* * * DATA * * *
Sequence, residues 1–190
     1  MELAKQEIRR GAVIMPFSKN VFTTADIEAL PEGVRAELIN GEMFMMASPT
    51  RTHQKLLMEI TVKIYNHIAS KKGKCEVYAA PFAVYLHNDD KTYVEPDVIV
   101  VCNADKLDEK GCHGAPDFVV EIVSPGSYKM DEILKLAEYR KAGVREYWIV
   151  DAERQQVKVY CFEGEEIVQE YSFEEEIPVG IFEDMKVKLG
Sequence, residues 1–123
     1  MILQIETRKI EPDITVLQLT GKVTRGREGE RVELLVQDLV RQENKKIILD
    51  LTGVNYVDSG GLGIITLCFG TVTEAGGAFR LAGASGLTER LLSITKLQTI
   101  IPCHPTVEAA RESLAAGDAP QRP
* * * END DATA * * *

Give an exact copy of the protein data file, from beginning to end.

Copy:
Sequence, residues 1–190
     1  MELAKQEIRR GAVIMPFSKN VFTTADIEAL PEGVRAELIN GEMFMMASPT
    51  RTHQKLLMEI TVKIYNHIAS KKGKCEVYAA PFAVYLHNDD KTYVEPDVIV
   101  VCNADKLDEK GCHGAPDFVV EIVSPGSYKM DEILKLAEYR KAGVREYWIV
   151  DAERQQVKVY CFEGEEIVQE YSFEEEIPVG IFEDMKVKLG
Sequence, residues 1–123
     1  MILQIETRKI EPDITVLQLT GKVTRGREGE RVELLVQDLV RQENKKIILD
    51  LTGVNYVDSG GLGIITLCFG TVTEAGGAFR LAGASGLTER LLSITKLQTI
   101  IPCHPTVEAA RESLAAGDAP QRP